Why Google's Windows ban doesn't make sense

Analysis: Was Windows really the weak link in the Chinese hackers' attack on Google?

Google's move to ban Windows for internal use was ostensibly for security reasons. But that looks more like a convenient excuse than anything else, because there are plenty of reasons the ban doesn't make sense.

Google's ban of Windows implies that the China attack was a garden-variety Trojan or piece of malware that infected individual PCs. In fact, nothing could be further from the truth. The attack on Google was extremely sophisticated and highly targeted. Dmitri Alperovitch, vice president of threat research for McAfee, told Wired Magazine, "we have never ever, outside of the defense industry, seen commercial industrial companies come under that level of sophisticated attack. It's totally changing the threat model."

Almost a dozen pieces of malware and multiple levels of encryption were used in the attack. Many people believe the Chinese government was involved, which means a substantial amount of time and work went into it.

What does this mean? Even if Windows wasn't being used, Google still would have been targeted. Given the resources behind the attack, there's a reasonable chance it would have succeeded. So banning Windows won't keep Google safe.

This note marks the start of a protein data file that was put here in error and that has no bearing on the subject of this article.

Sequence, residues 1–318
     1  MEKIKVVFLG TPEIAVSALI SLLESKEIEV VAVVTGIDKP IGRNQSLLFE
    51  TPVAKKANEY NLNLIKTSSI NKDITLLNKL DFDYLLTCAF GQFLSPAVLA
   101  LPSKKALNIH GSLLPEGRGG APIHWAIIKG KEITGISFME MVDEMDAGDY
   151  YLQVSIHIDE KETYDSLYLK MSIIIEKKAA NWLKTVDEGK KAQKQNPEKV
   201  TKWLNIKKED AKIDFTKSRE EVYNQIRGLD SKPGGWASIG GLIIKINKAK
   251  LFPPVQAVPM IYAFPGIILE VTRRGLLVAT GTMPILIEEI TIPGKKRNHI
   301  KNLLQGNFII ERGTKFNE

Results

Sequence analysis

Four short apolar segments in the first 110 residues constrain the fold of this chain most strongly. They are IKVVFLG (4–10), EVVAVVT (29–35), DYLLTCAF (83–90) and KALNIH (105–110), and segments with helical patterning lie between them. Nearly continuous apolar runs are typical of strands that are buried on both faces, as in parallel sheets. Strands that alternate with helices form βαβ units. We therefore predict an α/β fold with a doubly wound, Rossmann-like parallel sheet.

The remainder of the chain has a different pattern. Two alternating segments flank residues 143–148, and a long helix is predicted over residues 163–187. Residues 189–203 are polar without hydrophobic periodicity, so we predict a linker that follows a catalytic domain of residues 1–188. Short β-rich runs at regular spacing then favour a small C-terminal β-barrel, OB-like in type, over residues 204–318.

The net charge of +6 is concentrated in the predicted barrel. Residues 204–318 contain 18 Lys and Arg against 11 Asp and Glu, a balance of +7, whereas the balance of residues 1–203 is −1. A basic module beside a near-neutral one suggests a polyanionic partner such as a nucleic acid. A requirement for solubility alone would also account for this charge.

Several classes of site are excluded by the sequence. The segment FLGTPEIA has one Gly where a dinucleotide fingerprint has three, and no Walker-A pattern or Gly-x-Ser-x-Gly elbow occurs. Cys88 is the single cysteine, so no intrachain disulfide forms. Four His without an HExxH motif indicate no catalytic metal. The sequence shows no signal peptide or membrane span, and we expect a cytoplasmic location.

Also, Macs are vulnerable as well. Mac fans will tell you time and time again Macs are not vulnerable to security risks. It simply isn't true. Just yesterday, for example, security firm Intego reported that it uncovered spyware on freely distributed Mac applications. There are more Windows attacks because there are more Windows machines. Google switching users from Windows to Macs won't keep them safe from targeted attacks like the Chinese one.

Plenty of analysts have said the ban won't make Google any safer. John Pescatore, an analyst at Gartner who specializes in security issues told Computerworld "If [hackers] know that Google uses Macs, then they'll just target the company with Mac malware. And Mac malware exists." Michael Gartenberg, an analyst with the Altimeter Group, added, "the idea that security is behind this is a little bogus. Windows seems pretty good for Fortune 500 companies."

So why did Google ban Windows? One potential reason is to promote the use of its upcoming Chrome OS. And certainly, Google doesn't want to miss a chance to criticize Windows in the hopes of moving people away from Microsoft Office and onto Google Docs.

It's not clear, though, that Google is any safer after banning Windows than before.

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Preston Gralla

PC World (US online)
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